The Government has confirmed that the Default Retirement Age (DRA) will be phased out this year. Currently employers are able to retire staff who reach the age of 65 by giving between 6 and 12 months’ notice before they reach their 65th birthday. Employees have a right to request to stay on. If exercised, this is dealt with at a face to face meeting followed by the employer’s decision in writing. There is also a right to appeal which is dealt with in the same way. So, although employers have to tick all of the boxes, the current process provides certainty for staff planning.
The DRA is being phased out over a transitional period running until 1 October this year. The last day that an employee can be compulsory retired is 30 September 2011. This means that employers can only use the current process with employees who turn 65 on or before 30 September 2011. The last day that an employer can give 6 months’ notice is 30 March 2011. The Government recognises that some employers may already have given staff notice of retirement and has confirmed that any notice which specifies a retirement date after 30 September 2011 will be invalid. This flowchart sets out the transitional arrangements.
Post 1 October 2011
Employees will still be able to retire after 1 October 2011 but employers will only be able to force employees to retire at a set age if it can be objectively justified. If choosing to set a compulsory retirement age, employers will need to be able to show that in doing so they are responding proportionately to a legitimate aim. Some industries will find this easier than others, such as those whose employees require high levels of physical fitness. Whilst ACAS has published guidance on the subject (Working without the DRA, January 2011), it does not give clear guidance to employers looking to set a compulsory retirement age.
With employees having the right to continue working after they reach state pension age, employers have raised concerns that insurers will raise the costs of group risk insured benefits (such as income protection, sickness and accident insurance as well as private medical insurance). The Government has confirmed, however, that employers may withdraw these benefits for staff who continue working past state pension age.
Implications for Employees
The removal of the DRA does not mean that employees can no longer retire, it just means that their employer cannot force them to retire once they reach a certain age. Older employees can still voluntarily retire when they choose and draw any retirement benefits they are entitled to in line with pension scheme rules.
Implications for Employers
The removal of the DRA is an opportunity for employers to review their practices for managing employees and their performance. Without the DRA, employers have one less fair reason to dismiss. The potentially fair reasons they are left with include capability/ability, conduct and ‘some other substantial reason’. Performance or conduct concerns, whether or not they may be grounds for dismissal, should be addressed by discussion within the workplace.
Older employees may be more prone to impairments. If an impairment amounts to a disability, the employer is required to make reasonable adjustments to remove any barriers to their performance, regardless of the age of the employee concerned. Employers must also be careful not to neglect to address performance or conduct issues with older staff because, or in the expectation that, they will be retiring soon. Any such issues must be addressed consistently regardless of the age of the employee concerned. Failing to address performance or conduct issues with older staff will make matters difficult and may well be discriminatory.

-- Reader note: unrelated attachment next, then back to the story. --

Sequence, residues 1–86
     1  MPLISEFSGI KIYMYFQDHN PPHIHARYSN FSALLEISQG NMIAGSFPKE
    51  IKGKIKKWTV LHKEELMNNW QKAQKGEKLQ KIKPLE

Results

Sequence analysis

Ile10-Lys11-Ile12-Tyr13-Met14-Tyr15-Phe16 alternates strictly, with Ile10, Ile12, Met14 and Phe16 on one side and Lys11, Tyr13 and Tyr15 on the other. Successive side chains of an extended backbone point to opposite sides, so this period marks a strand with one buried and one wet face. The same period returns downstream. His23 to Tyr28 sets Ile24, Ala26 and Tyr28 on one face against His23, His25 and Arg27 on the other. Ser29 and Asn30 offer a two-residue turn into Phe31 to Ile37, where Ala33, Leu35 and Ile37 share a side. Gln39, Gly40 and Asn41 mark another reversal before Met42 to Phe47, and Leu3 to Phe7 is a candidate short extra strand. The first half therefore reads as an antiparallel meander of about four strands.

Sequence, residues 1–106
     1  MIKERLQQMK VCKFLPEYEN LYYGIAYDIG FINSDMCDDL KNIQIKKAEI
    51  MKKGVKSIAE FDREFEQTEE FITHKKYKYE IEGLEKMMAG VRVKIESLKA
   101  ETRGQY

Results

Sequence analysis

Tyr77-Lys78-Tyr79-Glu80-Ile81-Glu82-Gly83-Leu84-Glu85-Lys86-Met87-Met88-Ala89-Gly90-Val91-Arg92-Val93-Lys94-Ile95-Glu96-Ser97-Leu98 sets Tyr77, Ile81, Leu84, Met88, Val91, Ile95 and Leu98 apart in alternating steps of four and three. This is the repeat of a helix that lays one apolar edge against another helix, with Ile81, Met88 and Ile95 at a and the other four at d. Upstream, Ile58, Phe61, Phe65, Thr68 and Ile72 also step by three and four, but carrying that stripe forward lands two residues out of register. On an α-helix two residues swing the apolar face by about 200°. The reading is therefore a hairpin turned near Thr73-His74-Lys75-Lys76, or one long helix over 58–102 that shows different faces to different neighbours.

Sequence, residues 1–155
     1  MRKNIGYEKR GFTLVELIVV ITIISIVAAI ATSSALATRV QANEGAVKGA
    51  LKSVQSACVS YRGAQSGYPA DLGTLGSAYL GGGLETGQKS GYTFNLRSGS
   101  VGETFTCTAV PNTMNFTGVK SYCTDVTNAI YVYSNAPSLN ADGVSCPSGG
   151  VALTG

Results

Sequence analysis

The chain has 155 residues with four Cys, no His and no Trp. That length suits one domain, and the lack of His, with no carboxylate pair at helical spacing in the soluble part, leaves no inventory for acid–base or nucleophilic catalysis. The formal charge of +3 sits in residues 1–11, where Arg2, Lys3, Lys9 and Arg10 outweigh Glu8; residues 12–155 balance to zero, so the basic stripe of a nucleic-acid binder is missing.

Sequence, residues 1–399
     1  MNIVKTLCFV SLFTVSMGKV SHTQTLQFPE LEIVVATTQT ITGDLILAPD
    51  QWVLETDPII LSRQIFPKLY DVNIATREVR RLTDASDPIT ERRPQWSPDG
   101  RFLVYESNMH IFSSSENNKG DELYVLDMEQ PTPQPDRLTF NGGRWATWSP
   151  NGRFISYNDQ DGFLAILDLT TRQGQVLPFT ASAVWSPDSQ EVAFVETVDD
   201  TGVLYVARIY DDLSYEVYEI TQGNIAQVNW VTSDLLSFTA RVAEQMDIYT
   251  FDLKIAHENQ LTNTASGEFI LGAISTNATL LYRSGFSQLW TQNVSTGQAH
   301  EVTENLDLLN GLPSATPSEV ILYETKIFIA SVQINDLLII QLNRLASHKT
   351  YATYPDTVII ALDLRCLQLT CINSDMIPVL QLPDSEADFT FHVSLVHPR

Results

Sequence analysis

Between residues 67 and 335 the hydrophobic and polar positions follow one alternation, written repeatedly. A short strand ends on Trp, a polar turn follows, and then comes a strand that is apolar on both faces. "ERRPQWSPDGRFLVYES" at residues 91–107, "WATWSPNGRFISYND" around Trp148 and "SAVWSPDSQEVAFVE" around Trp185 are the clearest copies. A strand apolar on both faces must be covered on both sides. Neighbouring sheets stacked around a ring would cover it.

- Employees able to work longer as default retirement age is phased out (independent.co.uk)
- End of the Default Retirement Age (blackaddersbusinesslegalnews.com)
The opinions expressed in this site are of the author(s) only and do not necessarily represent the opinions of Blackadders LLP.
Blackadders takes all reasonable steps to ensure that the content of this site is accurate and up to date. The site is not, however, intended as a substitute for seeking legal or other professional advice but rather as an informative guide to the services provided by Blackadders and topical legal developments. Site visitors should always seek advice tailored to their specific situation. Consequently, Blackadders accepts no responsibility for any loss or damage suffered by anyone acting or failing to act on the basis of information contained on this site. Downloading of material contained on this site is at the user’s own risk and all necessary virus checks must first be carried out by the user. Blackadders is not responsible for the material found on any web sites linked to this one and links to this site may only be made with Blackadders prior consent.
Blackadders owns the copyright in this blog and all material contained on it. The material on this site may be downloaded for personal use only and must not be altered. Otherwise, Blackadders’ written consent is required before any material on this site is reproduced, copied or transmitted in any way.
Information passed to us via this site is kept confidential and will not be disclosed to third parties except if authorised by you or required by law.
© Blackadders LLP 2022
Members of the Law Society of Scotland.
Blackadders Solicitors is a trading name of Blackadders LLP, a limited liability partnership, registered in Scotland No SO301600 whose registered office is 30 & 34 Reform Street, Dundee, DD1 1RJ. Reference to a ‘partner’ is to a member of Blackadders LLP.